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# How to Create a Custom Bend Table in SolidWorks?

SolidWorks Sheet Metal includes many helpful and time-saving features when working on sheet metal designs. One feature is the option to design a custom bend table to your specifications. Sheet metal bend tables allow you to specify a sheet metal part’s bend allowance or bend deduction values. The bend table also includes bend radius, bend angle, and part thickness values. Bend tables are accessible in text files and Microsoft Excel spreadsheets. SolidWorks has given you several sample tables to consider as a guide for creating your own. You can find these sample tables in the following locations: SOLIDWORKS Installation folder\SOLIDWORKS\lang\english\ Sheet Metal Bend Tables. To learn how to make a custom bend table in Solidworks, edit a SOLIDWORKS Sheet Metal Bend Table and insert the calculated values to make your table. For each material thickness, you would require a different bend table. You can use a bend table to specify thickness and bend values with a single table. A SolidWorks Sheet Metal Bend Table can only adjust the Bend Allowance, Bend Deduction, or K-Factor, but you can still manually alter the thickness and radius. Learning how to create a custom bend table in Solidworks goes a long way in perfecting designs that need such expertise.

## How To Create A Custom Bend Table In Solidworks

Sheet metal bend tables save properties for a specific material. A single table allows you to correlate a bend allowance, bend radius, or k-factor with any thickness, bend radius, and material combination. Follow the step-by-step explanation to learn how to create a custom bend table in Solidworks.

First, select the part design you want to create a custom bend table for,

Step 1: In a part, click Insert, then Sheet Metal. Go to Bend Table and select “New.” If you receive a message stating that inserting a bend table may change the developed length of the flat pattern, click Yes. Step 2: Select an item in the Units option to set the unit of measurement in the dialog box. In the Type option, select an item to configure the bend allowance, bend deduction, or k-factor. After Enter a path for the file name, or browse to find a location where you want to save the bend table. Select OK.

An integrated Excel window with the bend table spreadsheet emerges in the SOLIDWORKS window. The bend table spreadsheet includes default radius, thickness, and angle values. Step 3: In the spreadsheet, enter the bend allowance, bend deduction, or k-factor values based on the type you selected in step 2. New bend tables for SOLIDWORKS are saved in an embedded Excel file. You enter bend table values into the spreadsheet’s cells, ensuring that the SOLIDWORKS software correctly reads the table. Microsoft Excel bend tables now support all bend table kinds (bend deduction, bend allowance, and k-factor) and multiple angles in a single bend table file. Based on your type selection in step 2, you could either create a bend allowance, bend deduction, or k-factor table.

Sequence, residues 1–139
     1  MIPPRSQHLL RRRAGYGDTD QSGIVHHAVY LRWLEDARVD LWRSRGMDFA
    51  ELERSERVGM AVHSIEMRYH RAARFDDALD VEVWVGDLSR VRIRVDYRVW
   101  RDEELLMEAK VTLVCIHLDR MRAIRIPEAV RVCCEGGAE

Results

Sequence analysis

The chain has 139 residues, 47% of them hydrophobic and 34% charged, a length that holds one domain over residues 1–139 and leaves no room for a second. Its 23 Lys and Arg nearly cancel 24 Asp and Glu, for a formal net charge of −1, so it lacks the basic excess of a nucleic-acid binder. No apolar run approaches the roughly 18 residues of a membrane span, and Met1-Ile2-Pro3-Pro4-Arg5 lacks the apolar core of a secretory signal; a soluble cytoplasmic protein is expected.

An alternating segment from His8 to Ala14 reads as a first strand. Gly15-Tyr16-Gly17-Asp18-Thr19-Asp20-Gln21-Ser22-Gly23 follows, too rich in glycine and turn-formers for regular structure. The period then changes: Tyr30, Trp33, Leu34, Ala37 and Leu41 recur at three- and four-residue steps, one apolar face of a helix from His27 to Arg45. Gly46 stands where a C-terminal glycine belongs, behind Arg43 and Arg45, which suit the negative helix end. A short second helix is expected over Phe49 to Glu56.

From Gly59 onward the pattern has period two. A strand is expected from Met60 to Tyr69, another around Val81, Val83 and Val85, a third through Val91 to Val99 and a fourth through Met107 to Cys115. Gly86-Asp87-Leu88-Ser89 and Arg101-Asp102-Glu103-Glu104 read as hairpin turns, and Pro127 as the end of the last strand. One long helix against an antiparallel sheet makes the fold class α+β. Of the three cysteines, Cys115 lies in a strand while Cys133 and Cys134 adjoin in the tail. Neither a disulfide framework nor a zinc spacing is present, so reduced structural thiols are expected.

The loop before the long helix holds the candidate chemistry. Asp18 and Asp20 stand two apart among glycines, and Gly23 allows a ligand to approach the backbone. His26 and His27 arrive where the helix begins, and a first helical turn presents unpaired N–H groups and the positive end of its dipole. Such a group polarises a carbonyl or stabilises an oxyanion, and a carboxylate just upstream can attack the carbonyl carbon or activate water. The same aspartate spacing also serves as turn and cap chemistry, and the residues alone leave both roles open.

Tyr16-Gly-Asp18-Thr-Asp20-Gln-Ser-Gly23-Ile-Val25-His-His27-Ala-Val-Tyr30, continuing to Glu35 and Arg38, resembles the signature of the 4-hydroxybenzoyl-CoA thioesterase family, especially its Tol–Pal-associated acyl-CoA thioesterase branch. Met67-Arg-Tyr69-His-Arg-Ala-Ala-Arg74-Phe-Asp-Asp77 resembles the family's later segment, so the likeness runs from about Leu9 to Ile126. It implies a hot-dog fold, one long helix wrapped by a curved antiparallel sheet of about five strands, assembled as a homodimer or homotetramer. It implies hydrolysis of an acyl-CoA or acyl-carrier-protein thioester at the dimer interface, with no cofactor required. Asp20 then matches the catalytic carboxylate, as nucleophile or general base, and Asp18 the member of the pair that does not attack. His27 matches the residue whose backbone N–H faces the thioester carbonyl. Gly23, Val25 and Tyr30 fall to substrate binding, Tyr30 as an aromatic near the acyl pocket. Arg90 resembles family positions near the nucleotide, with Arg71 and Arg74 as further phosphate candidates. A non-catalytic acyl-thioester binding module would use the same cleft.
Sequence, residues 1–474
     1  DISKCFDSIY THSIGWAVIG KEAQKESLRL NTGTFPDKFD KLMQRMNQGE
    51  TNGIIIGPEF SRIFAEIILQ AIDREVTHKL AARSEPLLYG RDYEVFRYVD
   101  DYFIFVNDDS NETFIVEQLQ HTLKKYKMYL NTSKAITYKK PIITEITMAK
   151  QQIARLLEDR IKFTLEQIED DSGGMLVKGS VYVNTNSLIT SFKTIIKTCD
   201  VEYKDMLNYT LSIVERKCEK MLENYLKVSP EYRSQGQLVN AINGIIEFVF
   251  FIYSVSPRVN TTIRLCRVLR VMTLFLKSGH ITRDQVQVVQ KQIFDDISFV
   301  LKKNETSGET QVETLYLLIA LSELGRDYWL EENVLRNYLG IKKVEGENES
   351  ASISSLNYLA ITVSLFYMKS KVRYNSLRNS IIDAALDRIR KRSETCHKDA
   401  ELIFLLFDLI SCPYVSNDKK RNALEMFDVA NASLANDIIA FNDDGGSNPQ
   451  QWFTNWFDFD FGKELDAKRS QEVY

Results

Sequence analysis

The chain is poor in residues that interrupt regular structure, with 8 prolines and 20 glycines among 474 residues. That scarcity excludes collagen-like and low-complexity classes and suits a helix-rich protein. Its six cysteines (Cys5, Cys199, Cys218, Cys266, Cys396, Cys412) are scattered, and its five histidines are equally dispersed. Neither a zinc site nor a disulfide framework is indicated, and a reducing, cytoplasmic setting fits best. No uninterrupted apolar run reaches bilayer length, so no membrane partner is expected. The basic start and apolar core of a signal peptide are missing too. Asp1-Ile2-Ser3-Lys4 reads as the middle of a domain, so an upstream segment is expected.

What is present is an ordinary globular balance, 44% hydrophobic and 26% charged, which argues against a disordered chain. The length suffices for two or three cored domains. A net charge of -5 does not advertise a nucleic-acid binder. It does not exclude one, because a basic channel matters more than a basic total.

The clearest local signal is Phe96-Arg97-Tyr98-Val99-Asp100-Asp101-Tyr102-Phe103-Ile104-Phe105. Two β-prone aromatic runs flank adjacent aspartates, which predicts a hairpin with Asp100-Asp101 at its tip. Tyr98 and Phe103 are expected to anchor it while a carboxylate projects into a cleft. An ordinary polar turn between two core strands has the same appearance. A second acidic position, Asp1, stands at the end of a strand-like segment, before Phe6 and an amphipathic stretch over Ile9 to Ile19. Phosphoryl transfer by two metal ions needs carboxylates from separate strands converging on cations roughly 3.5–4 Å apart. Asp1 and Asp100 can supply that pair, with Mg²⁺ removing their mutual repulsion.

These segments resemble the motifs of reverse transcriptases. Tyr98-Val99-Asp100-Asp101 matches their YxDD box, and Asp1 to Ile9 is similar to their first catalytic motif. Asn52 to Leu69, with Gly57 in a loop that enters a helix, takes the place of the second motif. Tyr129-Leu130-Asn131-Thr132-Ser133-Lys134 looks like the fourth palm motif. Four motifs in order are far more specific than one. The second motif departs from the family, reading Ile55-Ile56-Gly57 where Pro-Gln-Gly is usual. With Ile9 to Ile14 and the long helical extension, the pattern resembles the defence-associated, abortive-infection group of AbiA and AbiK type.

1. Bend allowance
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The Bend Allowance is the bend’s arc length measured along the material’s neutral axis. Understanding a part’s bend allowance and bend deduction is a critical first step in learning how sheet metal parts are made. The metal around the bend is distorted and stretched when sheet metal is bent. As a result, your portion gains a modest amount of total length. The Bend Allowance is the material you must add to the original length of your flat sheet to arrive at the length of the formed section. As previously stated, the length of the neutral axis does not change after bending.

The bend allowance will generally vary depending on the material type, material thickness, bend radius, and various machining methods, kinds, and speeds. 1. Bend deduction

However, when attempting to generate a flat pattern, you will need to subtract the desired part size to obtain the exact flat size. The Bend Deduction is the mass you must reduce from your flanges’ full length to get a flat design. We can rewrite the above equation to calculate the Ben Deduction as: The Bend Deduction is the difference between the Bend Allowance and twice the outer setback in the preceding equation. 1. K-factor

The K-factor is a ratio that shows the location of the neutral sheet for the sheet metal part’s thickness. You can define a k-factor bend table when you choose k-factor as the bend allowed. In sheet metal, the K-factor is a ratio determined by the thickness of the sheet divided by the neutral axis. The unique K-factors will be determined by the type of material and the bend radius relative to the thickness of the material. The K-factor is critical since it indicates the starting point for calculating the amount of elongation and the bend deduction. Knowing the K-factor will also help you make a more precise sheet metal bend.

The bend allowance is determined using a K-Factor as follows:

BA = pi(R + KT) A/180

A/180

BA stands for bend allowance.

R = inner bend radius

K = K-Factor (t / T)

T denotes the material thickness.

t = distance between the inside face and the neutral sheet

A is the bend angle in degrees (the angle through which the material is bent). While creating your custom bend table in the excel spreadsheet, you need to specify wall thickness and bend radius.

1. Wall thickness